6 Tips for readable Stateflow charts

On the heels of a popular “5 tips for readable Simulink models” I am following up with a companion post.  While much of this material can be found in the “Stateflow best practices” document found in this sites reference section these are the 5 I find most critical.


First a few background concepts. The concepts of “levels” in a Stateflow Chart is a measure of how many states exist within a state.  The count starts at the highest level state and increments for each substate.


Stateflow includes the model construct of a “Subchart.”  Like subsystems in Simulink, subcharts encapsulate all the states and transitions in the state into a single “masked state.”

When counting levels a subcharted state counts as one state regardless of how many states exist within the subchart.

#1 Consistency

There are two main aspects to consistency in Stateflow charts decomposition of transition information and placement of transition information.

Transition information consists of both the transition condition (or event) and the action.


The image above shows 4 methods for decomposing the transition condition and action.  In general, I recommend a separate transition for the condition and the action.  This is for two reasons.  First, for complex conditions, the length of the text can make it difficult to read; adding in additional text in the form of the action just aggravates this issue.  Second, by placing the action on a second line it is possible for multiple transitions to use the same action.

A slight modification to the previous image canc2 show the importance of constant placement.  If the placement of information is inconsistent, e.g. in some cases above and some below, left or right, it becomes difficult to associate the transition information with a given transition.

#2 Maximum states per level & maximum levels per chart

For any given State I recommend a maximum of 3 levels of depth; if more than 3 levels are required consider creating a subchart for the part of the state requiring greater depth.

levelsLikewise, I recommend an absolute maximum depth of 5 states.  The first recommendation promotes readability at any given level within the chart.  The second recommendation promotes understanding of the chart as a whole.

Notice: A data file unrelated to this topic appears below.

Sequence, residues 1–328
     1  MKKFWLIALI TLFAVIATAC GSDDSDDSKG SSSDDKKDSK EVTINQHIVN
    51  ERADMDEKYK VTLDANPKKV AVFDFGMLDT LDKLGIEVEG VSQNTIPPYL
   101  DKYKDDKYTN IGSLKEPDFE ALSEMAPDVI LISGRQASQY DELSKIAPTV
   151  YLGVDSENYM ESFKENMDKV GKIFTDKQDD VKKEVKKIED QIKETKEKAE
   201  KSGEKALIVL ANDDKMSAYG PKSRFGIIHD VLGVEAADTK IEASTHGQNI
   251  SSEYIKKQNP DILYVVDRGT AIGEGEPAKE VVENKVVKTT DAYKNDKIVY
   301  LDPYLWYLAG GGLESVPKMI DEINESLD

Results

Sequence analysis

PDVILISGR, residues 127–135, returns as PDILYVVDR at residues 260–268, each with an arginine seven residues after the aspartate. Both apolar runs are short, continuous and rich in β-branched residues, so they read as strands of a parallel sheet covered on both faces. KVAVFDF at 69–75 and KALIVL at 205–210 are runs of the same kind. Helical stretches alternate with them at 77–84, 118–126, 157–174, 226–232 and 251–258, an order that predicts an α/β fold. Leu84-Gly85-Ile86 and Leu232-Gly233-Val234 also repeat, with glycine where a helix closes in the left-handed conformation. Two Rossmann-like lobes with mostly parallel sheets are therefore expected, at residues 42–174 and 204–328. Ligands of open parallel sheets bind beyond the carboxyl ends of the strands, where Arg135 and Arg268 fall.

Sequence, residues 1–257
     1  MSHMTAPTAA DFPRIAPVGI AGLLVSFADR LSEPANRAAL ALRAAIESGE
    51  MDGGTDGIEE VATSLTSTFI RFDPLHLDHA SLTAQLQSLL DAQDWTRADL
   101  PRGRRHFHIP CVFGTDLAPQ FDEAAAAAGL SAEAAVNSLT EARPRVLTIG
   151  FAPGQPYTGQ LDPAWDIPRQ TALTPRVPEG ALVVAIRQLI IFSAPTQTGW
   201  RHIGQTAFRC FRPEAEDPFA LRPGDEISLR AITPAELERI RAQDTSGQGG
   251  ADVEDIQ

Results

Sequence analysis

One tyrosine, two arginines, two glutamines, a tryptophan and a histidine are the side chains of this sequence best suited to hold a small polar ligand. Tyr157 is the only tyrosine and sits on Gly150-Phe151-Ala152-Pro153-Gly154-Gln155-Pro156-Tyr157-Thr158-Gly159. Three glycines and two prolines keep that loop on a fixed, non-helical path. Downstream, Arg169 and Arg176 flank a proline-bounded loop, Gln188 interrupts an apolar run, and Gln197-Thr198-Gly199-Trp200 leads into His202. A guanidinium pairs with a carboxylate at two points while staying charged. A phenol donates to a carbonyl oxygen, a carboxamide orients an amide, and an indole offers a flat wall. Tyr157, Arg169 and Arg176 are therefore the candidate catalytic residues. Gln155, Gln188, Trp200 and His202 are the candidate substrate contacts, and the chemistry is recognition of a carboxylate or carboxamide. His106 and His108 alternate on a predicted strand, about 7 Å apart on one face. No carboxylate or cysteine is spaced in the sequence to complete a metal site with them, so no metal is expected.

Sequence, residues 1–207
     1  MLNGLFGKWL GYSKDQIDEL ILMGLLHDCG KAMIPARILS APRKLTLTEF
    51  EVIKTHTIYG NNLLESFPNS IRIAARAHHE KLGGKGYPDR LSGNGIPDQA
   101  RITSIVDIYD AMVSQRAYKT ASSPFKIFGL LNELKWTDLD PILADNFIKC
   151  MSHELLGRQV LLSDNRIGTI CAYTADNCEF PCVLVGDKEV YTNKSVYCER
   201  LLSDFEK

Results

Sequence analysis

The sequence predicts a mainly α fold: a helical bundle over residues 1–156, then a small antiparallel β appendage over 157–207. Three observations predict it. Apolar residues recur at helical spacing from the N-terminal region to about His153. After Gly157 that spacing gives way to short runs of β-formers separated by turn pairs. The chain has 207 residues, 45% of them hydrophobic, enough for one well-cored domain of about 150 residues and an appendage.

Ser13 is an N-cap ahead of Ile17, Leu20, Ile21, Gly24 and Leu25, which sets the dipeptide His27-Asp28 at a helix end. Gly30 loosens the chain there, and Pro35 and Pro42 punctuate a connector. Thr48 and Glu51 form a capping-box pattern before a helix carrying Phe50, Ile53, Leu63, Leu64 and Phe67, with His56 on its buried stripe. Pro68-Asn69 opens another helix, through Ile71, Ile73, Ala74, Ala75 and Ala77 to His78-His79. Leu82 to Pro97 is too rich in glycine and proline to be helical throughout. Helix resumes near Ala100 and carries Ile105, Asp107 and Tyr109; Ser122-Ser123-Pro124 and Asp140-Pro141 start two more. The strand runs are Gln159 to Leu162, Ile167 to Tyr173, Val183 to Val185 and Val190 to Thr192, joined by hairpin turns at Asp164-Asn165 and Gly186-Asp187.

#3 Number of States

As a general rule of thumb, I limit the number of states that I have on any given level to between 30 and 50.  When I find the number of states at a level exceeding that value I repartition the chart using subcharts.

#4 Resize!

Even more than in Simulink, resizing states can dramatically improve the readability of the chart.  There are 3 things to consider in the size of the state

  1. Is the state large enough to hold all the text in the state
  2. Is the state large enough to have all of the transitions reasonably spaced out (e.g. will the text on the ouput transitions be readable?)
  3. Is the state larger than it needs to be?  When states are larger than required they take up valuable screen space.

#5 Stright lines, please

In the majority of cases the use of straight lines, with junctions to help with routing, provide the clearest diagram appearance.  The exception to this recommendation is for “self-loop back” transitions such as resets.


#6 Temporal logic!

Use of temporal logic, instead of self-defined counters, ensures that the duration intent is clear in the chart.timverVCnt

In this example, if the time step is equal to 0.01 seconds then the two transitions result in the same action (transitioning after 1 second).  However if the time step is something other than 0.01 seconds the evaluation would be different.  Because of this when the intention is to transition after a set time temporal logic is always preferable.

Final thoughts

Again these are just a few tips on how to make your Stateflow charts more readable.  I would, as always, be happy to hear your suggestions.


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